What Blame! lacks in story and coherence, it almost makes up for with the art. The backgrounds stay faithful to Tsutomu Nihei's unmatched manga linework, filling the screen with dense mechanical details. The resulting claustrophobic atmosphere creates just the right sense of unease, aided by eerie and unnatural colors that emphasize how far removed this world is (in both space and time) from our own. The character designs—whenever characters do show up—aren't as varied as they could be, but they have a stylized gracefulness that sets them apart from citizens of the future in other series. All this detail, however, causes the animation to be sacrificed, and motion often consists of shortcuts like long pans or stills in rapid succession. Although there are flashes of ultra-smooth, high frame rate animation, they don't happen often enough. The visual experience is still very striking and intense, but the limitations are readily apparent.

Like the visuals and story, the music of Blame! creates uneasy feelings with its unconventional, disjointed quality. A tuneless theme played on distortion guitars accompanies the credit sequence between each short episode, and within the show itself there are bursts of dissonant music that make about as much sense as the plot. Quite often, the lines between music and electronic sound effects are blurred, creating a unpredictable mixture of blips and buzzes that might be a well-programmed synth or an actual machine in the story.

For a work as unusual as this, Anime Works chooses not to dub it at all, which is just as well—the multitude of digitally modified voices on the Japanese track suggest that it would have been too difficult and expensive to adapt it into English. Subtitles are provided for all dialogue and on-screen text, but not the credits, although a full list of English-language credits shows up at the end of the disc. Extras include a gallery of background art, but good luck trying to get to it: the entire menu interface is written in some undecipherable future script. The full immersion experience into the world of Blame! is appreciated, but was it necessary to make the DVD so hard to navigate? The dead-end links don't help, either; poking randomly at indecipherable symbols just to find something is a waste of time.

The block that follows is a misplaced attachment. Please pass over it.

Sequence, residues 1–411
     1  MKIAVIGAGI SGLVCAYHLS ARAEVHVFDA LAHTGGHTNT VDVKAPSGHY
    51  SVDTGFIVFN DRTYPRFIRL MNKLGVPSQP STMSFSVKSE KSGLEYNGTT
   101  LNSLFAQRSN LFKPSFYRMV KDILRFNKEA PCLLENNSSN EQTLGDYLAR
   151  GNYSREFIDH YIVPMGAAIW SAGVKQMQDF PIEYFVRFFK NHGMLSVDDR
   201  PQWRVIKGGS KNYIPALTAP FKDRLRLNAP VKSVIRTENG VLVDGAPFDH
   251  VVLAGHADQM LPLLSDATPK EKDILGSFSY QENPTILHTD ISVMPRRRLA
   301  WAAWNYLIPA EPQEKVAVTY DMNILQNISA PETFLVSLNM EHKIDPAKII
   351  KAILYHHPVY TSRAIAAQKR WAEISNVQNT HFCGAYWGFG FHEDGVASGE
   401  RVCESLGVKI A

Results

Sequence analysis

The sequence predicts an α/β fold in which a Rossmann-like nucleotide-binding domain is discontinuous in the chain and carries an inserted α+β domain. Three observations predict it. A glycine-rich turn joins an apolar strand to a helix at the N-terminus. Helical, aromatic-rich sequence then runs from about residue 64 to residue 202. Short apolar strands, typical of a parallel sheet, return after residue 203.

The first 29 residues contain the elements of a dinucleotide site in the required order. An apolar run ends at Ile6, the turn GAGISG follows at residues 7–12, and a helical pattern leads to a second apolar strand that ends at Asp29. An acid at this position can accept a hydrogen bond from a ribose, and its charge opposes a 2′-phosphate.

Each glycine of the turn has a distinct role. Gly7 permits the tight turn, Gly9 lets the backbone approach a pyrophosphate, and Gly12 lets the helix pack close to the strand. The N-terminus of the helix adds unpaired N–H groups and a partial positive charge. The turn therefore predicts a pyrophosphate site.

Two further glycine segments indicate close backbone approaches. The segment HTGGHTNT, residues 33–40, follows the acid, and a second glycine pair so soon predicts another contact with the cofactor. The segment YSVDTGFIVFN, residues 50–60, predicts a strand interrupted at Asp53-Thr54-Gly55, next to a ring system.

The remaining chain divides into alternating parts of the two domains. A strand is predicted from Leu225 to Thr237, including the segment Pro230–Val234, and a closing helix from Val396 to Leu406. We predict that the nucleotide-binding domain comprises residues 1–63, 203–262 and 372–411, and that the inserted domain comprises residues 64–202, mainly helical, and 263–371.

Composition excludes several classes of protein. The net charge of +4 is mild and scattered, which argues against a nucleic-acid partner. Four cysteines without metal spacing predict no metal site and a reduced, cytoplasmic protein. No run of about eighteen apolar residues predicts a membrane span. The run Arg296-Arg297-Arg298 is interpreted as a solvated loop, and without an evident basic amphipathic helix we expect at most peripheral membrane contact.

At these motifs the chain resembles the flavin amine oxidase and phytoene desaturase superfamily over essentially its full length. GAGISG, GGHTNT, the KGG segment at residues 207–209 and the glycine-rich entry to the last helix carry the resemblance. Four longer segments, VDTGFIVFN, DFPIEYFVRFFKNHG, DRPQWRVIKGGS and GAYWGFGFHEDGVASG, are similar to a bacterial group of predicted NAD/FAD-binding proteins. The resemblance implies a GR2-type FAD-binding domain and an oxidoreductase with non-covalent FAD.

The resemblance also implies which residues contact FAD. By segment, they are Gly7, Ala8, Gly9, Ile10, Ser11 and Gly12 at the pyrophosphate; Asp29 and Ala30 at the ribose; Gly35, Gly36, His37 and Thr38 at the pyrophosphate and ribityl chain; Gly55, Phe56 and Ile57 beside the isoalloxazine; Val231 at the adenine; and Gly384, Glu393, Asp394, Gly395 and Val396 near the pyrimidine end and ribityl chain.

(Here's the answer key: The first item on the menu plays the disc straight through, the third item goes to scene selection, the fifth goes to subtitle selection and trailers, and the last item contains the background galleries.)

Blame! is one of those strange cases where you're not sure whether to rate it highly for terrific art or knock it down because of its opaque story (if it can even be called a story). Animation is a medium that's all about visual storytelling, so balancing pictures with words and ideas is tricky business, and Blame! falls just short of getting it right. Thirty-seven minutes isn't long enough to let us get fully absorbed into this stark vision of the future, even though it's plenty of time to appreciate the richly detailed visuals. With an anime as dense and challenging as this, it's best to take the advice of a certain Cromartie High School character: "If you want to know what happens, read the manga."
Overall (dub) : N/A
Overall (sub) : B-
Story : D
Animation : B-
Art : A
Music : B

+ Richly detailed backgrounds and visual effects create an intense, uneasy atmosphere
What the hell is going on?

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Production Info:
Director: Shintaro Inokawa
Original Manga: Tsutomu Nihei
Character Design:
Nobuaki Nagano
Akio Watanabe

Full encyclopedia details about
Blame! (ONA)

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Blame! (Sub.DVD)